Parent trap: how to let go of your adult child

Can’t live with them, can’t live without them: increasing numbers of adult children still live at home. But the author of a new parenting guide tells Lisa Salmon why it’s best to let them go.

Parent trap: how to let go of your adult child

A GROWING number of young adults still live at home with their parents, presenting a whole new raft of challenges for mums and dads who can no longer rely on sanctions like the naughty step to ensure family harmony.

No matter how bad life with grown-up kids gets, deep down though, many parents don’t want them to leave, says parenting consultant Gill Hines. That said, they often don’t want to live with them either...

In a bid to help parents tackle this thorny issue, Hines and Alison Baverstock, an associate professor of publishing and mother of four adult children, have written Later!: A Guide To Parenting A Young Adult.

“An awful lot of parents moan about their kids, but at the same time they don’t want the kids to leave and they create a co-dependency,” explains Hines.

“The parents think they have to treat them like children while they’re living there, and the kids think they can’t leave until they can afford a home as good as the one they’ve come from.”

She says parents perpetuate this co-dependency by giving their kids things like lifts and money, and warns: “It’s ridiculous, and it’s not good for either of them. They’re not allowing themselves to get on with their lives – the parent needs to move on as well as the child.”

A recent survey of young adults who still live at home, and their parents, found 84% of the parents still did their children’s laundry for them, and a doting quarter even tidied their bedrooms.

And contrary to popular belief, the expense of moving out wasn’t the only reason for young adults remaining in the family home.

In Britain researchers found that one-in-six young adults still live with their parents simply because it makes their life easier. Indeed, almost half admitted they did no food shopping, and the same proportion paid no rent.

“Young people say ’Why would I move?’ They’ve got everything on a plate, which is great for them, but it isn’t actually how life’s supposed to be,” says Hines.

She points out that too many young adults these days can’t perform basic household tasks like simple cooking, or doing the laundry.

“In your early 20s, it’s time to start living your life independently,” she says. “It really worries me how few young people know how to cope in the real world.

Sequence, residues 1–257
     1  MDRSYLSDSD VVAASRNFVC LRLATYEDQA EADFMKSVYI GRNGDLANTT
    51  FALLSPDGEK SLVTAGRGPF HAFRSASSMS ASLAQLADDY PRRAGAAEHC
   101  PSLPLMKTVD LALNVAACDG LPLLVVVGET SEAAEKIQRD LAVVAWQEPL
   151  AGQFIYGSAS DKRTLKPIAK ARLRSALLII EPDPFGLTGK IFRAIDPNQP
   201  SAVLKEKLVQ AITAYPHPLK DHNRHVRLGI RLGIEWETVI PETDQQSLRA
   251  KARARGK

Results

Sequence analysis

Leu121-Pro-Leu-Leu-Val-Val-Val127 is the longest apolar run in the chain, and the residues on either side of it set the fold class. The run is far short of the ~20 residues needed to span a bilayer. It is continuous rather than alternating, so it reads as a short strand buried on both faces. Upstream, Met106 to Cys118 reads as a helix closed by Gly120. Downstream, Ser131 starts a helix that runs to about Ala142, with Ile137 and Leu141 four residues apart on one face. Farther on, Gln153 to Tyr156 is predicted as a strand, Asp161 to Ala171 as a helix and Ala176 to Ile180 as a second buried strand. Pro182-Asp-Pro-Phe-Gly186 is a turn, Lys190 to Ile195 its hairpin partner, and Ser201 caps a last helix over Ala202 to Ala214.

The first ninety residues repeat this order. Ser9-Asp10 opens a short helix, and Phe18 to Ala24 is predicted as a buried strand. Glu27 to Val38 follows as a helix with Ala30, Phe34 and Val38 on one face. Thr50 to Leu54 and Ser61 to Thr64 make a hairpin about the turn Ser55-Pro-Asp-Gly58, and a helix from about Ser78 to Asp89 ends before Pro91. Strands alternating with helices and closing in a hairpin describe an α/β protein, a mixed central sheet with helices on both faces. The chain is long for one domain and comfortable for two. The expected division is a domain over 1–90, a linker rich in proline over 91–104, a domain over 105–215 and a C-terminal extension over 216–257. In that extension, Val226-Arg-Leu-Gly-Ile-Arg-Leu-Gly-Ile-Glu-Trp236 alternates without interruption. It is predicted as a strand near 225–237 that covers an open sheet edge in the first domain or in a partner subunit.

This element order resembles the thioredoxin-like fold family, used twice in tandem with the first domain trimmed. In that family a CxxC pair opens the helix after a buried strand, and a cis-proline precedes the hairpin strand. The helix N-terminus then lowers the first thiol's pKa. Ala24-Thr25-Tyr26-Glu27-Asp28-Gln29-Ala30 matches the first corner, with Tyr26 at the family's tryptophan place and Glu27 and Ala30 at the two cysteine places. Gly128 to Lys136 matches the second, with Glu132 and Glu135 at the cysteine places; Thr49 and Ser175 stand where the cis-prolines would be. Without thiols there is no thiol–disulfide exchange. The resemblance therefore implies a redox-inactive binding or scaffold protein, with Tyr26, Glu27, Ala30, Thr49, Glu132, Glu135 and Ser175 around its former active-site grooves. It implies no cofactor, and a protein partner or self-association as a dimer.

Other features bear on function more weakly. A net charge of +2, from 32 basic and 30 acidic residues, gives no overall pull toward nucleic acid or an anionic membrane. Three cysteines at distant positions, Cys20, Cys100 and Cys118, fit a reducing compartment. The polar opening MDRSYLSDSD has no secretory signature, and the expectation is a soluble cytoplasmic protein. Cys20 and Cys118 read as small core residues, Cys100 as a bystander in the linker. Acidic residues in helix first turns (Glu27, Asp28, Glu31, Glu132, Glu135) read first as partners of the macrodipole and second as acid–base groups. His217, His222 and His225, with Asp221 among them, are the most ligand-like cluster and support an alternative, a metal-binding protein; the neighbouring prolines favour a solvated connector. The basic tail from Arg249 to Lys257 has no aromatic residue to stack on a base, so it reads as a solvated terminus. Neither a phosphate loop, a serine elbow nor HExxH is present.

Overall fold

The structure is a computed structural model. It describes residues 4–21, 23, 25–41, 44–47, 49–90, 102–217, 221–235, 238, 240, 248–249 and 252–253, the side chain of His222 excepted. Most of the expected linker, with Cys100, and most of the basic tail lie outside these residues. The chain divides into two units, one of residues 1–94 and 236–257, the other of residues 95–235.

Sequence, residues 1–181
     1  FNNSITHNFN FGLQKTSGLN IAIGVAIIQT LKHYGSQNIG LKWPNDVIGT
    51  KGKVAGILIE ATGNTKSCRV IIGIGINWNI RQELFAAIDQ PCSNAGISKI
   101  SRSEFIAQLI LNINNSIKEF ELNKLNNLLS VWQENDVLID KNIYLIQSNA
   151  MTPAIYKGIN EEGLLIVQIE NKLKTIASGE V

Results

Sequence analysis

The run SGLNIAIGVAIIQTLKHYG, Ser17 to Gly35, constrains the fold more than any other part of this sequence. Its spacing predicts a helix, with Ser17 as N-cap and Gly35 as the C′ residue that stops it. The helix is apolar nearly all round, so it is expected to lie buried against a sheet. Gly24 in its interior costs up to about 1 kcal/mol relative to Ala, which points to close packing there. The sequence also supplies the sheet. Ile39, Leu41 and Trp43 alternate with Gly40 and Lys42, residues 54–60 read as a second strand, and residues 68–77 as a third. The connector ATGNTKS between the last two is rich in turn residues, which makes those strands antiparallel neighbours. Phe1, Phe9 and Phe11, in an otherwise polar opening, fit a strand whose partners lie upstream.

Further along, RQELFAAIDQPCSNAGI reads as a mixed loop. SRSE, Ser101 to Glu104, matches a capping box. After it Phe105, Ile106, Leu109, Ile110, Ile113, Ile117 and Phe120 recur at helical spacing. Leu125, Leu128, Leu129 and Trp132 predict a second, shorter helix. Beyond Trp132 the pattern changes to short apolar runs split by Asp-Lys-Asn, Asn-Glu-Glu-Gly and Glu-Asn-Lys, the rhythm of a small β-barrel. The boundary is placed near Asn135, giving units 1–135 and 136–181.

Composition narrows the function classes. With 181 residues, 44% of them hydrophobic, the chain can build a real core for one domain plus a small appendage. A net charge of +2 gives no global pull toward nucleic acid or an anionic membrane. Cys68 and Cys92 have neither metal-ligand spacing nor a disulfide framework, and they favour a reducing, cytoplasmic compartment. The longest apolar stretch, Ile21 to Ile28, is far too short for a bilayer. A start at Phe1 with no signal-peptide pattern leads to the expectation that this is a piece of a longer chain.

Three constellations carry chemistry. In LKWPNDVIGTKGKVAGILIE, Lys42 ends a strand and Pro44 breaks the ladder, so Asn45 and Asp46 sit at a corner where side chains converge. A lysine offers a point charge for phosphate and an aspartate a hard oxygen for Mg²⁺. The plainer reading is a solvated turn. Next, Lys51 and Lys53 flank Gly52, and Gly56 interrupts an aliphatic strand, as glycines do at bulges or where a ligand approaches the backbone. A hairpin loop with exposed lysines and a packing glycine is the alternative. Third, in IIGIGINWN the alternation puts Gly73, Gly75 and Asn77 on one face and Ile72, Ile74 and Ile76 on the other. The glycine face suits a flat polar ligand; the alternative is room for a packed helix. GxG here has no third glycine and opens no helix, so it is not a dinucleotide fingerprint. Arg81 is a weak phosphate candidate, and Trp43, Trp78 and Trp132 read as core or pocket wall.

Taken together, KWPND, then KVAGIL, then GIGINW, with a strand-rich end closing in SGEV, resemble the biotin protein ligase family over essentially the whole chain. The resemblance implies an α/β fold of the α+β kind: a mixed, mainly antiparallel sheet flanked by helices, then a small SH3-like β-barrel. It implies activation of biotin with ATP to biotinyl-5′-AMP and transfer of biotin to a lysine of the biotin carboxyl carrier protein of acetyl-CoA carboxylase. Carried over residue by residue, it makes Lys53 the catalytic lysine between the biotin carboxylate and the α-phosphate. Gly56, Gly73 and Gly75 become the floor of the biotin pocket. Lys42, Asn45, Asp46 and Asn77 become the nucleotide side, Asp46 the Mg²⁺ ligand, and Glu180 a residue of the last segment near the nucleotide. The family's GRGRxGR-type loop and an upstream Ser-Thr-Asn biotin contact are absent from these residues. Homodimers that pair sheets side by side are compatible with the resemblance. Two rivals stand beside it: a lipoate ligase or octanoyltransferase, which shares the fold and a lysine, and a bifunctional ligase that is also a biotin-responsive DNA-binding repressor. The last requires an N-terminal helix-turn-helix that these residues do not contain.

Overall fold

“Getting kids to think about what they want in life and how to get it is part of growing up, but we’re not doing that because we’re looking after everything for them.”

Parents might choose to make it a house rule that adult children do their own laundry or change their own bedlinen – but if they don’t do it, there’s no point nagging, warns Hines.

Instead, parents need to negotiate with young adults to get things done.

“If they don’t keep to their share of the bargain, then don’t keep to your share, which might be buying food, mending things or doing the laundry.”

Many adult children only pay a peppercorn rent (a nominal rental sum), or no rent at all, leaving their parents to meet the true cost of bills and food.

“It needs to be made absolutely clear to them how much it costs to run the house,” she says. “They’re not stupid – they know they’re getting a good deal by living there.”

Hines says parents should have a conversation with their children about renegotiated ‘adult’ house rules as soon as they leave school, and the conversation should be ongoing at regular family meetings, as well as eating together as a family at least once a week.

“By the time they’re 18, they should have an understanding that nothing comes for free. Tell them your responsibility for them ended the day they reached 18, and while you can’t tell them what to do, you can lay down rules in the house because you pay the rent or mortgage,” stresses Hines.

“Every parent’s aim should be to get their child out and on their own. You should treat them in some respects the same way you would treat a lodger, and say if they don’t meet the rules, they’ll have to find another place to live.”

While the book covers all aspects of a young adult’s life, from jobs to social life and sex, it’s not all about the kids.

Hines points out that the ‘non-parent you’ has been in the shade for however many years of age your child is, and now that older and less familiar you needs to be nurtured and encouraged in much the same way as your child.

“All the parents I’ve met embrace the notion of freedom from the kids, but felt an enormous loss,” she says.

“Being a parent is a hat we wear in life, and it’s a very big one, particularly for women. They hate losing the sense of themselves as a parent.

“Things can become very quiet and a little staid when children leave home, and parents sometimes feel truly middle-aged, and miss the energy. They have to realise that this major part of their life has come to an end.

“A lot of parents want to be needed, but they need to see it’s better for kids to move on with their lives.”

Later!: A Guide To Parenting A Young Adult by Gill Hines and Alison Baverstock is in paperback published by Piatkus, €23.35 book; €9.99 ebook. Available now.

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